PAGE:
Analisis Besar Sudut Gonial Mandibula pada Anak-Anak Penderita Down Syndrome

  • Dwi Kartika Apriyono Laboratorium Odontologi Forensik, Bagian Biomedik Kedokteran Gigi, Fakultas Kedokteran Gigi Universitas Jember

Abstract

The mandible is the largest and strongest part of the craniofacial bone of the face. The mandible is the movable part of the facial bone. The mandible has two main structures, the body of the mandible and the ramus of the mandible. These two bone structures meet and form an angle called the gonial angle. The gonial angle will change with age because the mandible will undergo bone remodeling so that it can cause changes in the shape of the mandible. Changes that occur in the gonial angle can be evaluated by means of a panoramic radiograph. The growth and development of the gonial angle which is part of the mandibular bone can be influenced by several factors, namely genetics, race, sex, nutritional factors, hormones, masticatory muscle activity, lifestyle, use of drugs, and the environment. One of the genetic disorders in the process of growth and development of the mandible is Down Syndrome. Down Syndrome is characterized by a small upper jaw, a wide face, wide eye spacing, and a flat nose. The purpose of this study was to determine the size of the gonial angle of boys and girls suffering from Down Syndrome. This research is a cross sectional study with the research subjects are children with Down Syndrome aged 10-16 years. Panoramic X-rays were taken on all subjects and then the gonial angle was assessed. The results showed that the size of the gonial angle will decrease with increasing age. Girls with Down syndrome have a larger gonial angle than boys with Down syndrome.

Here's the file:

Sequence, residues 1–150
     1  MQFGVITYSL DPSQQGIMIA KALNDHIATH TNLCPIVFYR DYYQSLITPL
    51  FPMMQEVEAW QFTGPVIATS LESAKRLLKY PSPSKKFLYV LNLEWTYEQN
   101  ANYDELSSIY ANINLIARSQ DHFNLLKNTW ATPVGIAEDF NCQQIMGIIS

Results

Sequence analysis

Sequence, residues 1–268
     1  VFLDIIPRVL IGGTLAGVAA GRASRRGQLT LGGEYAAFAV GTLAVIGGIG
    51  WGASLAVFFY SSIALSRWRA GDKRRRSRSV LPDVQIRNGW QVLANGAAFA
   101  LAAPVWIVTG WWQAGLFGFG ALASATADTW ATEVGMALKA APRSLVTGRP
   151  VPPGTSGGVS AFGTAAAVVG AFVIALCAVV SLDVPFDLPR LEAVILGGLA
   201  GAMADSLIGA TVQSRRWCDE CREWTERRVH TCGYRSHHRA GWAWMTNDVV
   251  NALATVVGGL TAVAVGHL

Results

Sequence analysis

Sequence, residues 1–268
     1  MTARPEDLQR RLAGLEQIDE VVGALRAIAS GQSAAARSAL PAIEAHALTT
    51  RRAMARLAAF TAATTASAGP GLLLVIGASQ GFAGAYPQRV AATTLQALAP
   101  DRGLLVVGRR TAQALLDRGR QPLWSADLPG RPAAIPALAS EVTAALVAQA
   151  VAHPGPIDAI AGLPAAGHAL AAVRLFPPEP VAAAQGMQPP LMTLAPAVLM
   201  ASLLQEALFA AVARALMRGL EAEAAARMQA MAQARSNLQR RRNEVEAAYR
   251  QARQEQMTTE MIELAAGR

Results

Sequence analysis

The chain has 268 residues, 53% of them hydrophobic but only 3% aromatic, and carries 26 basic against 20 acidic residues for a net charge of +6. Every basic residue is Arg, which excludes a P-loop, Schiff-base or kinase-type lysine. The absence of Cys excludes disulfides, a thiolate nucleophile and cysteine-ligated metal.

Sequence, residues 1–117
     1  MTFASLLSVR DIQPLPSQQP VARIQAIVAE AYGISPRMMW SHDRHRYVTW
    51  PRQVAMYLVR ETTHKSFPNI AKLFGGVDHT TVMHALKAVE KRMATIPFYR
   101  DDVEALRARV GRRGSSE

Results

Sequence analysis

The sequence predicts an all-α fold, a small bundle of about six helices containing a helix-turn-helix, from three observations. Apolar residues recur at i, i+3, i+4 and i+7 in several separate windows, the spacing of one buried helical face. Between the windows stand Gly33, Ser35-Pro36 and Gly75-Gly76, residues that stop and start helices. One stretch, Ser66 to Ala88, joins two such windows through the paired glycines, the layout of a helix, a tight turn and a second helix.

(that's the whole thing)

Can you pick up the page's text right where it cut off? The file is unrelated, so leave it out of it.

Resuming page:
Published
2022-10-31
How to Cite
APRIYONO, Dwi Kartika. Analisis Besar Sudut Gonial Mandibula pada Anak-Anak Penderita Down Syndrome. STOMATOGNATIC - Jurnal Kedokteran Gigi, [S.l.], v. 19, n. 2, p. 104-109, oct. 2022. ISSN 2442-4935. Available at: <https://jurnal.unej.ac.id/index.php/STOMA/article/view/34738>. Date accessed: 29 jan. 2023. doi: https://doi.org/10.19184/stoma.v19i2.34738.
Section
Articles